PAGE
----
Monday, February 28, 2011
Thursday, February 24, 2011
I’m going to write about something I’ve come to love only recently; one of my writing processes. If you’re a writer you’ve heard the acronym BIC. It means butt in chair. And, most of the time that’s what it takes to get the job done. However, since my dog came to live with us I’ve learned another way.
When Brutus was young, he was wild. So I began walking him daily to expel some of that puppy energy. At first I had to watch the little monster every minute less he escape and get hopelessly lost, but these days he pretty much stays with me.
Our favorite place to walk is the apple orchard. It’s peaceful and allows my thoughts stray. Here, when I talk to myself only Brutus, the squirrels, chipmunks, deer, and the fox that lives near the creek can hear. It doesn’t seem to bother them. The hawk that hunts the field below the orchard is bothered at times. But I don’t stay long and she soon settles back onto her favorite perch.
In the quiet of the orchard I’ve worked out tricky plot twists, contentious dialogue, and a number of scandalous scenes for my novels. This process came to me by accident, but it’s worked so well, I now SCHEDULE what I’m going to ponder during my next walk! Of course I still have to do the BIC thing afterwards.
Because of this experience I’ve learned something of great value; creativity comes in numerous forms. So here’s to whatever works! Another famous writers’ saying is “your process is your process” something I can now totally vouch for.
Busy Novelist Spaghetti
1. Giant Eagle frozen meatballs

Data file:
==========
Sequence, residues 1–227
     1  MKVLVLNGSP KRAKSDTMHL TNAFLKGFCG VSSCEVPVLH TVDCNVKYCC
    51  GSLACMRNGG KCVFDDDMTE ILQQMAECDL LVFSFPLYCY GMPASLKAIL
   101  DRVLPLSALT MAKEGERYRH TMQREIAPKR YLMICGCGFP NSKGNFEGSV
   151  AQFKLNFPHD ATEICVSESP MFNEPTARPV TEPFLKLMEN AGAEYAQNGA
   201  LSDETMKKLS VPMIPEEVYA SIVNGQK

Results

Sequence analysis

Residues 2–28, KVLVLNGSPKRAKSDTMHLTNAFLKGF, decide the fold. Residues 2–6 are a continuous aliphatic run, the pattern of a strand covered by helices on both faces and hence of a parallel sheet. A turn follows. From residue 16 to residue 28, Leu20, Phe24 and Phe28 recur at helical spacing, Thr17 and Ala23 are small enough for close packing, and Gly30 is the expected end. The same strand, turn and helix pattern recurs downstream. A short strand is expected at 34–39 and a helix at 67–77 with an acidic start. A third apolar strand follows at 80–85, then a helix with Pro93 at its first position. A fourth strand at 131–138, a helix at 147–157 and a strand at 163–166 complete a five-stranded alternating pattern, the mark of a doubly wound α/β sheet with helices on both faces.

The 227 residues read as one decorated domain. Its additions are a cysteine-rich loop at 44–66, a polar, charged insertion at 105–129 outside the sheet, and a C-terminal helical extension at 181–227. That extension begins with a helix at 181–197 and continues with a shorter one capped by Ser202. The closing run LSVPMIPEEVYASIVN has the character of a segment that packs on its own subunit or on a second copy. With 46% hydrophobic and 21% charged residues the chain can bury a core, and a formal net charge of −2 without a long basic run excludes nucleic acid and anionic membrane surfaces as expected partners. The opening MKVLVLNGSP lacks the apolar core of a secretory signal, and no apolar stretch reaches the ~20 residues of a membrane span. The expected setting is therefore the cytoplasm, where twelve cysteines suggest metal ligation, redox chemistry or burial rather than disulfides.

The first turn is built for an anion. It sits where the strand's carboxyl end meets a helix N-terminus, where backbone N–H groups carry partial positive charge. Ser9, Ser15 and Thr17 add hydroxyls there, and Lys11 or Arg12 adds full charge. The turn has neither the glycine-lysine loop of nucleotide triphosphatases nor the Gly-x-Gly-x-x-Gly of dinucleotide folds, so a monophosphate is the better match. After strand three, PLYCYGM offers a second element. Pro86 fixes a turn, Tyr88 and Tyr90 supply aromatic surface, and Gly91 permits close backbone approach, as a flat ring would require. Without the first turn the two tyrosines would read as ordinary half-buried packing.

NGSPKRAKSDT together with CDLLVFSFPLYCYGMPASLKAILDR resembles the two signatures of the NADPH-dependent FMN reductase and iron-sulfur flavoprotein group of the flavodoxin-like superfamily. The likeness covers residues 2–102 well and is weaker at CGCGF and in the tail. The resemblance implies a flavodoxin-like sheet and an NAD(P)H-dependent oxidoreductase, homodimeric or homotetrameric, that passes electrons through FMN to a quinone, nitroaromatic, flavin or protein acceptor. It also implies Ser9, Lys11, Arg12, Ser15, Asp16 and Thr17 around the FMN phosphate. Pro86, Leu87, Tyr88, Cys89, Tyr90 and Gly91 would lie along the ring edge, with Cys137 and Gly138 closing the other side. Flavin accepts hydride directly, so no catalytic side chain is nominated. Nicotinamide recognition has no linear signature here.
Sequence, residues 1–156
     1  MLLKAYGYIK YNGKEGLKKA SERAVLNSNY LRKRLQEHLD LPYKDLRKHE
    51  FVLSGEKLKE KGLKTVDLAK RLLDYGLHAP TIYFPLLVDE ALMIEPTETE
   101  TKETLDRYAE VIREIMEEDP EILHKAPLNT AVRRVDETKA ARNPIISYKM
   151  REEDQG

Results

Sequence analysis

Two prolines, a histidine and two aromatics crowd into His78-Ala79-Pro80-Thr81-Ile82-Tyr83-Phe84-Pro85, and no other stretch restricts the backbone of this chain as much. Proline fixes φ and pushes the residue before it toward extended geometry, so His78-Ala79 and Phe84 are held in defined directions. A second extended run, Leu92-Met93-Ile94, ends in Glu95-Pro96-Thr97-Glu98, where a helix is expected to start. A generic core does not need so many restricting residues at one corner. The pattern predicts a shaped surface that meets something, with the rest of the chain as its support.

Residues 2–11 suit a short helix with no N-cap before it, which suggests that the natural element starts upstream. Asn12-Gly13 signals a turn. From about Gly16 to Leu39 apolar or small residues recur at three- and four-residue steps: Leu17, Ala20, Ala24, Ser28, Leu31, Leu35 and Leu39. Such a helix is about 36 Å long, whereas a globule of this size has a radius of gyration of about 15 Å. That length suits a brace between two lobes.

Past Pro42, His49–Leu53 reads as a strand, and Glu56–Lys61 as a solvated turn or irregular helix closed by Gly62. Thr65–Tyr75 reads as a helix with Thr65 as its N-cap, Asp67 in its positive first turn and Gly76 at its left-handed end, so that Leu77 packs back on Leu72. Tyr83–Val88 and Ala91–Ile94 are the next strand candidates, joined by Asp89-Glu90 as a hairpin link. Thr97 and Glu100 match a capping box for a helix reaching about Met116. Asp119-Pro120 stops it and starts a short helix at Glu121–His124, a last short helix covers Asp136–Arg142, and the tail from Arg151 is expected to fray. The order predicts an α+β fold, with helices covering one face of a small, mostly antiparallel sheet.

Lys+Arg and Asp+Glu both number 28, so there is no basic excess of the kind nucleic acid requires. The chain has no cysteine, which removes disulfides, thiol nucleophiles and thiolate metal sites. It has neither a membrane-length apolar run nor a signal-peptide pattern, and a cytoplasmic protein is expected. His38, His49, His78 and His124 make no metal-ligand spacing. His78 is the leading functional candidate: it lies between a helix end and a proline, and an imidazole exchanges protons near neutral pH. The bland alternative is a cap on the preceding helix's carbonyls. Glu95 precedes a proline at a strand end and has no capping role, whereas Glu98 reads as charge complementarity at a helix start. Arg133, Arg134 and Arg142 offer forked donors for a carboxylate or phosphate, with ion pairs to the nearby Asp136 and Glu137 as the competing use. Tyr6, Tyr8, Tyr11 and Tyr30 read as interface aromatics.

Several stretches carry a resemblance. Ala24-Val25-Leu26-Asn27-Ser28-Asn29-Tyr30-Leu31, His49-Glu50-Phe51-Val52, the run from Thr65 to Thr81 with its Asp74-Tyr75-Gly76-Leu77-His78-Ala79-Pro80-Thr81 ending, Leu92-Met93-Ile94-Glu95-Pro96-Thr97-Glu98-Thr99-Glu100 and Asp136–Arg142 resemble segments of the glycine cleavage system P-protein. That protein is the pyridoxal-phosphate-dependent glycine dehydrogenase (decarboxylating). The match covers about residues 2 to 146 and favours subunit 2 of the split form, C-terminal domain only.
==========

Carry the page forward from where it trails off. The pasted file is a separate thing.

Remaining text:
2. Pasta (boxed or stuffed tortellini from the fridge section)
3. Prego spaghetti sauce
4. Pillsbury Italian bread in a can
Heat sauce and meatballs in pan. Heat water for pasta. Heat oven for bread. Cook and bake everything per directions; and serve!
Monday, February 21, 2011
Steve Martin let me down first with The Alphabet from A to Y. What can I say about the letter I's couplet?
"Iggy's aunt Ida, indecent in undies,
Hid icicles under her Indian uncle."
"Zany Zeno zoomed to the end zone,
But with a zucchini, scoring him zero."
Enough said? Dean Koontz's Every Day's a Holiday prompted me to write a review on Amazon. It was that bad. To wit, an excerpt from "Snow Day," as to rewrite the entire poem is a waste of good blog space:
"...Lost deep in snow,
And still more snow.
Froze my big toe.
It had to go.
I cut it off.
I've got a cough.
I just heard, dude,
We're out of food..."
And while we're busy gagging, here is "Abraham Lincoln's Birthday":
"Abe was born in a humble log cabin.
He walked FIVE LONG MILES every day to school!
I guess he was mentally unbalanced
But the log cabin part sounds kinda cool."
I kept waiting for him somewhere along the line to rhyme "orange" and "door hinge!!"
Thursday, February 17, 2011
Monday, February 14, 2011
by Susan Chapek
With apologies to Fred Rogers
It's words I love.
It's not the book I read,
It's not the electronic feed,
But it's words I love.
It's words all by themselves,
The magic there inside them—
Not the things that hide them,
Not the books—
Books are just outside them.
But it's words I love—
Their shape and sound and rhythm,
The stories they bring with them
Whether old or new.
On Kindle or on Nook,
On a compact disc or in a book—
It's words I love,
The words themselves,
It's words, it's words I love.